In 2011 and 2012, the California Department of Fish and Wildlife, San Diego Oceans Foundation, San Diego State University and Scripps Institution of Oceanography teamed with lobster fishermen and volunteers to collaborate on a project to tag and monitor thousands of lobster in southern California. The final report for this collaborative project can be found here: http://sdof.org/lobster-monitoring-project/
Lobsters may be brought to the surface to measure. If the lobster is under legal size and is tagged, quickly record the number on the tag and immediately release the lobster. No undersize lobster, even if it is tagged, may be placed in any type of receiver, kept on the person, or retained in any manner. Do not remove tags from any short lobsters.
The lobster season start and end dates were carefully chosen with spawning in mind. The season opens after the majority of lobsters have already spawned, and the season closes before the stock moves back into shallow water to repeat the cycle all over again. While it is true that a few lobsters with eggs are caught each year, the season provides more than ample protection for spawning lobsters.
The idea of a slot limit was carefully analyzed during the Lobster Advisory Committee process of the Lobster FMP, and the benefits of a slot limit would not be as great as one might think. Natural mortality in lobsters, even excluding fishing take is very high. The health of our lobster stock is really dependent on sexually mature sub-legal sized lobsters. The current size limit was selected to allow lobsters to spawn 1-3 times before reaching legal size. Female lobsters grow slower than males because they put more energy into egg production. Poaching sub-legal sized lobsters has been identified as probably the greatest potential threat to the lobster stock. Most of the truly large lobsters are males and releasing them doesn’t have the same reproductive benefits as protecting the sub-legal spawners. Sub-legal sized lobsters are truly the engines of sustainability for this fishery.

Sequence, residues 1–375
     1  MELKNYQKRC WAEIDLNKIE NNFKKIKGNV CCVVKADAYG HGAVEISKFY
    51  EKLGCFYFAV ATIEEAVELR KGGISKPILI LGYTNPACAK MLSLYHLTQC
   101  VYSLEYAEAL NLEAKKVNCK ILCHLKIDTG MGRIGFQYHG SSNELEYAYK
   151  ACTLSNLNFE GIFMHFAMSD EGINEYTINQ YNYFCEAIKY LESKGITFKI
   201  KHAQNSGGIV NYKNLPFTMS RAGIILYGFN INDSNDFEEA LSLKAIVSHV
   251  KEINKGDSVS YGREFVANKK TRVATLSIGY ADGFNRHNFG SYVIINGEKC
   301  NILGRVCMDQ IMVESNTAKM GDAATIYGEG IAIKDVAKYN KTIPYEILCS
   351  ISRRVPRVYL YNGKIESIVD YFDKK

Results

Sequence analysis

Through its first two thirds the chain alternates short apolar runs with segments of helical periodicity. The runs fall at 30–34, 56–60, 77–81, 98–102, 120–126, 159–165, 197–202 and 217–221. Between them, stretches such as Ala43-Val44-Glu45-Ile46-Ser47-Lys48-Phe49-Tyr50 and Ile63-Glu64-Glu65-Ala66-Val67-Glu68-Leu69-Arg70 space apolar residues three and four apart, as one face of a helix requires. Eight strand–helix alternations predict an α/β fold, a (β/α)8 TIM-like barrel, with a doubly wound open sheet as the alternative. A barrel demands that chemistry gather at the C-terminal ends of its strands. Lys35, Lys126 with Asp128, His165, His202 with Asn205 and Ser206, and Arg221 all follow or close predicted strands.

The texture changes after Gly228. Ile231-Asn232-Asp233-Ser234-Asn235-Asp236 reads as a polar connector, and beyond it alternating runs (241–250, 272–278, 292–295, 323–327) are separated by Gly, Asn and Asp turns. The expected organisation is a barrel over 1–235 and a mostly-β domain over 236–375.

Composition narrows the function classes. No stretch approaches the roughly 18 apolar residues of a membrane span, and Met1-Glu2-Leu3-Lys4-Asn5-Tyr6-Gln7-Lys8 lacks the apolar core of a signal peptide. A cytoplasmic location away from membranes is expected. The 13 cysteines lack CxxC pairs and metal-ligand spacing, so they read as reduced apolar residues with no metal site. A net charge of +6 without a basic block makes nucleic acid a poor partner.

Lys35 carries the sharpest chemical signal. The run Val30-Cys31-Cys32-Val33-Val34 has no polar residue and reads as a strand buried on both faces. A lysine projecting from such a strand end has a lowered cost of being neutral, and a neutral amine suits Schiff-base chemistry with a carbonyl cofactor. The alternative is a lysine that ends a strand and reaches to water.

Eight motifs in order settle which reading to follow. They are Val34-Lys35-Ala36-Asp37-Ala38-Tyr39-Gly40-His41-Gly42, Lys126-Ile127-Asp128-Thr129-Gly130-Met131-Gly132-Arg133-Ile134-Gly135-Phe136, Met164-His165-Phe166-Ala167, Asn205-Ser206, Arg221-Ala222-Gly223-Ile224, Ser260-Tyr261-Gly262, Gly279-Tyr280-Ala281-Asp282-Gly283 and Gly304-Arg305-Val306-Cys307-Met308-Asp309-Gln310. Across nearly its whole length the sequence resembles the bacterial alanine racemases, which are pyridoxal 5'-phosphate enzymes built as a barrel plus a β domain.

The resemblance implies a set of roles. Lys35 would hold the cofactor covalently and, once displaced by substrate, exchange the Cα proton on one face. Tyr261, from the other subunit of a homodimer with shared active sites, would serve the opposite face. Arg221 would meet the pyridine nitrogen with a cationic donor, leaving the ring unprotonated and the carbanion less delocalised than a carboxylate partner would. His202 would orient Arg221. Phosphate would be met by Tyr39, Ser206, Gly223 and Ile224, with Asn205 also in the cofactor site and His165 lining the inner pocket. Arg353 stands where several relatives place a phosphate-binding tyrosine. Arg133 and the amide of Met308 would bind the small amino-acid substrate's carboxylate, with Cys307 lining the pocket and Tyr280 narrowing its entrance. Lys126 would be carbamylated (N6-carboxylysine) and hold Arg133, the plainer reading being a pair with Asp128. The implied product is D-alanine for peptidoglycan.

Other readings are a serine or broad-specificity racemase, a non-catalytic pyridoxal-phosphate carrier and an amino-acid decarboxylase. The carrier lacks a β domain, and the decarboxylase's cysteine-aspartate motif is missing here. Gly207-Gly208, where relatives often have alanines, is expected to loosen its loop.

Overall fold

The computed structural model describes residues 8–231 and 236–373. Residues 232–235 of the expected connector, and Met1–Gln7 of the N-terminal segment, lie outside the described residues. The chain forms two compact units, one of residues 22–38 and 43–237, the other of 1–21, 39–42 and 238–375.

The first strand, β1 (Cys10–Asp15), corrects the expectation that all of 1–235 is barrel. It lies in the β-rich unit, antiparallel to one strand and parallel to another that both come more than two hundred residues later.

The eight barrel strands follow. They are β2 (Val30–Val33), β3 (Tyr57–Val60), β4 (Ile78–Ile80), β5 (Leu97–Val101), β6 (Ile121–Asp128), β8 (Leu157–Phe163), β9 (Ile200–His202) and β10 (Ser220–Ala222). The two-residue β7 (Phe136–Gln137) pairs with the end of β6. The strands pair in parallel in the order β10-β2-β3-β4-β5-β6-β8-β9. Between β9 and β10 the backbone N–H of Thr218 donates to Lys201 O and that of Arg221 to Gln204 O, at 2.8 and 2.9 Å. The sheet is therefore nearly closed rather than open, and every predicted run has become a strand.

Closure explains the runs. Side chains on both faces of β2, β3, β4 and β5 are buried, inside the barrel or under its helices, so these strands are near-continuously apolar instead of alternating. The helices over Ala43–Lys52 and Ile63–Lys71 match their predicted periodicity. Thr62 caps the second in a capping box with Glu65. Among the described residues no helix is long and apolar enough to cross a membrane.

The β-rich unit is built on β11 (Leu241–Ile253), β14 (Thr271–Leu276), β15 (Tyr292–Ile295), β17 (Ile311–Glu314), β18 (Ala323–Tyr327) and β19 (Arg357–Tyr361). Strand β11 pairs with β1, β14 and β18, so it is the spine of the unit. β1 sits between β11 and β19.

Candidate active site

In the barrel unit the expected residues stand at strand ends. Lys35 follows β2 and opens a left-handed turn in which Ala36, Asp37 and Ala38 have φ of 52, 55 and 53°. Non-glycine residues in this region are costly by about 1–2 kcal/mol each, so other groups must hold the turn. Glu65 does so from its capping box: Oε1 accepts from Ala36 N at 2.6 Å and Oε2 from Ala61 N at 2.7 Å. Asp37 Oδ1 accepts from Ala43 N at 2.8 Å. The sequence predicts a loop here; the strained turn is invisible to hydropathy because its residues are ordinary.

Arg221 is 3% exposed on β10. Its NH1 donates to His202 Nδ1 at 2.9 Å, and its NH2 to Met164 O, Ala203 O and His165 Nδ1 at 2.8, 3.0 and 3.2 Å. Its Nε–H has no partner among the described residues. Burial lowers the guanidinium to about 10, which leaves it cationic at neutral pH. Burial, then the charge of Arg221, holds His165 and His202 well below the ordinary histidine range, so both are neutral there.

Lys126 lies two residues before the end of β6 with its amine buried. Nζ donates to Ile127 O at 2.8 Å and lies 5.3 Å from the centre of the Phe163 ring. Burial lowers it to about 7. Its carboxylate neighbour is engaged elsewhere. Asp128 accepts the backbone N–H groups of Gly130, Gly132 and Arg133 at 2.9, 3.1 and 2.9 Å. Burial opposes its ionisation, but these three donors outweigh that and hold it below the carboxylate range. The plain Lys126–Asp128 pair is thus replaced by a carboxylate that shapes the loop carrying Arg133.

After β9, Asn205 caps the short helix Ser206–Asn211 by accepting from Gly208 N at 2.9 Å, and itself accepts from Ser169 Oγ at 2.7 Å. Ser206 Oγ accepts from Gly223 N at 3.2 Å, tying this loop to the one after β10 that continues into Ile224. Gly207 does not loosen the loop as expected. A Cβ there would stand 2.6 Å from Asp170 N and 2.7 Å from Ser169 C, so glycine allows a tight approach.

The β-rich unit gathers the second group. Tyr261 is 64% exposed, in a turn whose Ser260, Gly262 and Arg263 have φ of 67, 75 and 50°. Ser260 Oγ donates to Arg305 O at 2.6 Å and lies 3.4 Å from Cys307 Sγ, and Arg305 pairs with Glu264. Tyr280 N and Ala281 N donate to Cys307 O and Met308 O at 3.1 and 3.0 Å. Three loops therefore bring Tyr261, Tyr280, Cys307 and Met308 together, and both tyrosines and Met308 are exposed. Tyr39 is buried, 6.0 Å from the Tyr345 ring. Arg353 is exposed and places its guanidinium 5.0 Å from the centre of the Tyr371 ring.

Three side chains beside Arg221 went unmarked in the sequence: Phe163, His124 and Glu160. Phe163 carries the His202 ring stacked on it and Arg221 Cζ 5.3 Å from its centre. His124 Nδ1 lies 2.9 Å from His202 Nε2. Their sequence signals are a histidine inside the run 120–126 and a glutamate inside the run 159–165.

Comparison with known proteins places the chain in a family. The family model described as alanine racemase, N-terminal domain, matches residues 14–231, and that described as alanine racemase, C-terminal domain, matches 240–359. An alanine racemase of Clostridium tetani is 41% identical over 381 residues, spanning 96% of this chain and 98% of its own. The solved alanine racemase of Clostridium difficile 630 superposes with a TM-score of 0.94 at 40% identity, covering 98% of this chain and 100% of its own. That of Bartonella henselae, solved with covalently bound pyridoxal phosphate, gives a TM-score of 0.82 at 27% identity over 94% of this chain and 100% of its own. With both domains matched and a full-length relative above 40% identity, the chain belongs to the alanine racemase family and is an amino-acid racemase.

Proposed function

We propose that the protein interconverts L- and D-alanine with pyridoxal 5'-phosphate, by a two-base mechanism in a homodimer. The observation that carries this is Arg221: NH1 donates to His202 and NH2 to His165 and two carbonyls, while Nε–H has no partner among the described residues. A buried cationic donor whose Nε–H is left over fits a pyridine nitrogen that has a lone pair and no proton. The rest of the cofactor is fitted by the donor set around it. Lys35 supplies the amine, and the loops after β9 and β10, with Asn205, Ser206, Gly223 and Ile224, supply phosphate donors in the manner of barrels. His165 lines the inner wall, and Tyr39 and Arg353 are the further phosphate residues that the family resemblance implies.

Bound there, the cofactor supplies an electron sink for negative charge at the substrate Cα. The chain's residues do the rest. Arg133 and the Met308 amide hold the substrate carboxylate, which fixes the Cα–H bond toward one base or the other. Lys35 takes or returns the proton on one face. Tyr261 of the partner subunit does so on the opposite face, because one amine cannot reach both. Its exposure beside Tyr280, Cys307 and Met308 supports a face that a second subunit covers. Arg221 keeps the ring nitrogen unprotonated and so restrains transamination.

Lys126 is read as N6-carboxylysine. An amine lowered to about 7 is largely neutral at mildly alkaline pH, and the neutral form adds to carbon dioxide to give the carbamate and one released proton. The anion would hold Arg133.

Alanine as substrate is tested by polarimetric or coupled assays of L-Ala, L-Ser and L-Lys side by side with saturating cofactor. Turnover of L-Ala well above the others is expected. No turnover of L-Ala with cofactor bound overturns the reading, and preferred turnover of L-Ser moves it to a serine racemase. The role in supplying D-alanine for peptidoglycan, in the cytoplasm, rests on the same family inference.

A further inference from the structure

The Department is mandated by law to allow for the sustainable use of lobster by both the commercial and recreational fishing sectors. While our laws say that recreational fishermen are entitled to harvest for sport (and not subsistence use), commercial fishermen must make a living off the resource. The commercial lobster industry is highly regulated, with a fixed number of permits, and commercial fishermen are required to use traps with strict regulations concerning mesh size and escape ports that allow large numbers of sub-legal sized lobsters to come and go freely from traps. Recreational lobster fishing is a sport activity not meant for subsistence. The Department would like recreational users to enjoy this resource. The number of recreational participants is not restricted, and hoop nets and diving are both very effective methods of recreational take. Finally, there are large productive areas that are closed to commercial lobster fishing but open to recreational lobster fishing, such as Santa Monica Bay, San Pedro Bay, San Diego Bay, Lee side of Catalina Island, along with many bays and jetties.
The new reporting requirements and non-return fee went into effect beginning with the 2013-2014 season. Since then, card return rates have improved greatly. It could be argued that the new reporting requirements encourage more people to return their lobster report cards, which in turn has improved estimates of sport lobster catch and effort.